Reported cases of Legionnaires’ disease are down in Flint, Michigan after the city changed the source of its water supply.
The Flint River has become synonymous with lead contamination, but the city’s water supply was also home to dangerously high levels of Legionella bacteria. The spotlight on lead allowed the 2015-16 outbreak of Legionnaires’ disease, the largest outbreak in recent times, to go relatively unnoticed. Over 90 people were sickened in Flint, 12 of them fatally, over an 18-month period. Experts have linked the outbreak to the city’s tainted water system. The finger-pointing debacle that ensued between government agencies meant that testing for Legionella in the water supply never took place.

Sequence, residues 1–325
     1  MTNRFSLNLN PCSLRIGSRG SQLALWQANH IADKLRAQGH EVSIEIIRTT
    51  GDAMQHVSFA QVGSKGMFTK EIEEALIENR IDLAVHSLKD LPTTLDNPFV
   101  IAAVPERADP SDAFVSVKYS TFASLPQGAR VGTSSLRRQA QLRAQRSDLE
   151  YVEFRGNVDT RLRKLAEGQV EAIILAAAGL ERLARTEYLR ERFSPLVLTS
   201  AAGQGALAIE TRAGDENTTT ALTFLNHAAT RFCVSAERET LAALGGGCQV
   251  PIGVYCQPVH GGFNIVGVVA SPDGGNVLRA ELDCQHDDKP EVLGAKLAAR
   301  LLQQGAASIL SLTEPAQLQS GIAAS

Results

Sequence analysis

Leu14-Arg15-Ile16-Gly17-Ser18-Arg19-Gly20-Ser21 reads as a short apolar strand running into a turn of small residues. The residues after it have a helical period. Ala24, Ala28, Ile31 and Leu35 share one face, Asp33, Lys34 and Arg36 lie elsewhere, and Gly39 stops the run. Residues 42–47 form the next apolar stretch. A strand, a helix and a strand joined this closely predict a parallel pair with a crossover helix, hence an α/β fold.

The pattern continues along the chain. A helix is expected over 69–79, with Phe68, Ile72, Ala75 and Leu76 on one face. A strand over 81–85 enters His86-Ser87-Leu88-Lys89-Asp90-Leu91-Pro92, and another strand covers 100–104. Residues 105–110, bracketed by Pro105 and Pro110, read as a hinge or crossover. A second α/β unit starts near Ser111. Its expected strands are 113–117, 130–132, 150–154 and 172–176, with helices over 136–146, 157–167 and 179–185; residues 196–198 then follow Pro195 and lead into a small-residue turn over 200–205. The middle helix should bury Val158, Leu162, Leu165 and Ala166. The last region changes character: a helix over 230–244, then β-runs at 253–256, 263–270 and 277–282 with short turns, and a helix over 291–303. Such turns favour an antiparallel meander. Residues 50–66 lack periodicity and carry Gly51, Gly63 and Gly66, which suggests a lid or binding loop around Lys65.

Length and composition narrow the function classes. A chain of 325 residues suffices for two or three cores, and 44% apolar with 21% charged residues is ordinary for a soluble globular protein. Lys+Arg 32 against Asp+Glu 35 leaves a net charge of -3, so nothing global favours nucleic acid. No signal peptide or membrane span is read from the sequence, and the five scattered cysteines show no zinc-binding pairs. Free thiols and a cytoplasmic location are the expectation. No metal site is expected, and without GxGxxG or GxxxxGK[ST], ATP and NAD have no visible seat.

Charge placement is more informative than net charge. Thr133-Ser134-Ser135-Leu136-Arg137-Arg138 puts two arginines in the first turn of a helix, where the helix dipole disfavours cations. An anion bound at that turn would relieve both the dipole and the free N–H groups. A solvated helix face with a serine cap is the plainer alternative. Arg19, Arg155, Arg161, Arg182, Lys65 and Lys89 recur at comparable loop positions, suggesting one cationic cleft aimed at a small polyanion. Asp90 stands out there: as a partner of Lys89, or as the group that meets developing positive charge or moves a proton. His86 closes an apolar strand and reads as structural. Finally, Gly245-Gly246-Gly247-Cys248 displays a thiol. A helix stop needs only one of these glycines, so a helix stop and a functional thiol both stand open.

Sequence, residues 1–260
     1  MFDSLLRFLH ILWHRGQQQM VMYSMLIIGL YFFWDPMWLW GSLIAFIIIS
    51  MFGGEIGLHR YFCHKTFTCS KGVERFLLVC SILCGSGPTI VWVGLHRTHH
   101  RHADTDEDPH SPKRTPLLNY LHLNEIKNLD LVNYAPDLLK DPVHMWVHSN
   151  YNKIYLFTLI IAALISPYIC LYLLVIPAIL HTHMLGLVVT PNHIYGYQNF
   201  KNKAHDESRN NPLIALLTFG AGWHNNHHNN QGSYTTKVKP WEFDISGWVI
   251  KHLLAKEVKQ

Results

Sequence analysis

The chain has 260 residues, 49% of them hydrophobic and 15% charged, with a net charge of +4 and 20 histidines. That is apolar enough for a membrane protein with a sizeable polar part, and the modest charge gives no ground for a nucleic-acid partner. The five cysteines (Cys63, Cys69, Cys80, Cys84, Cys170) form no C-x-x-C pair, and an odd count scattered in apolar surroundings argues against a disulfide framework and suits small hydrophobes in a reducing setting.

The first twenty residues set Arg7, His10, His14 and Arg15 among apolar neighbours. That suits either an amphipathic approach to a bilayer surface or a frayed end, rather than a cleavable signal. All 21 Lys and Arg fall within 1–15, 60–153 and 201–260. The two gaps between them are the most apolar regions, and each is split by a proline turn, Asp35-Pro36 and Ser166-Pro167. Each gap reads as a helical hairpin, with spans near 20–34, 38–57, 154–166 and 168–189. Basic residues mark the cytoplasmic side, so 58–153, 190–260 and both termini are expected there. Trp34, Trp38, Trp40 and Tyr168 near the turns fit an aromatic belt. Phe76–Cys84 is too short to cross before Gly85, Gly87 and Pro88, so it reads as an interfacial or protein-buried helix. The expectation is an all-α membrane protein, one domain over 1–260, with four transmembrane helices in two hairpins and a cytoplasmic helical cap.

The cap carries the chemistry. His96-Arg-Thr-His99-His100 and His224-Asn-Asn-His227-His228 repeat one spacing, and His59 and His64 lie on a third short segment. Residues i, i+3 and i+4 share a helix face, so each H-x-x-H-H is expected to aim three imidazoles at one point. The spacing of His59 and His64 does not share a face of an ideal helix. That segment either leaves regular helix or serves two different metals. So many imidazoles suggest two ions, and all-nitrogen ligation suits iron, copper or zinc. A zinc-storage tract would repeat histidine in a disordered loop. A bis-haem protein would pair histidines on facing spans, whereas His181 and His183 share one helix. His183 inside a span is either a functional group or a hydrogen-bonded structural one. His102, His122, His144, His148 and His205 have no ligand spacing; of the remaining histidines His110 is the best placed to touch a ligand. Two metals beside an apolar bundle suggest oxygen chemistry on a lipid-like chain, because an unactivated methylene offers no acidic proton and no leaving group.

Now, the city has switched the source of its water supply from Flint River to Lake Huron. Only one case of Legionnaires’ disease has been reported since the March 2016 shift. Experts are still unsure whether the drop in cases is due to the water supply shift or to a recent spell of relatively cold weather (Legionella thrives at 80-120 F).
Whether or not the original source of the bacteria was the contaminated Flint River, researchers have cautioned that aging city infrastructure may still be harboring Legionella. Continued monitoring of plumbing and water systems will be essential as the city moves into the summer months, when temperatures are more conducive to the growth of the bacteria and risks of disease outbreaks are highest.
Jules Zacher is an attorney in Philadelphia who has tried Legionnaires’ disease cases across the U.S. Please visit LegionnaireLawyer.com again for updates.